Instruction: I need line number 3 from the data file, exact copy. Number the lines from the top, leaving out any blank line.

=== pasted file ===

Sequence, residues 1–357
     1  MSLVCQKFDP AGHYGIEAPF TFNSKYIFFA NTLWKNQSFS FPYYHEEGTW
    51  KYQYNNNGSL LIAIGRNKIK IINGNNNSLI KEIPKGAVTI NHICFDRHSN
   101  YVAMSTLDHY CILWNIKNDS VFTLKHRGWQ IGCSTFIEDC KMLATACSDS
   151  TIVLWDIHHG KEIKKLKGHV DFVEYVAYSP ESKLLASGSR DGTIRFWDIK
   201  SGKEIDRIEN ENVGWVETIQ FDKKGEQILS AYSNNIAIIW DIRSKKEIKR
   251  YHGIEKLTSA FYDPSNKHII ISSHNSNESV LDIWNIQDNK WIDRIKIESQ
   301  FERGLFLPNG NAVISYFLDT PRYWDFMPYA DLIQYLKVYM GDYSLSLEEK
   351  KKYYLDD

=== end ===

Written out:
    51  KYQYNNNGSL LIAIGRNKIK IINGNNNSLI KEIPKGAVTI NHICFDRHSN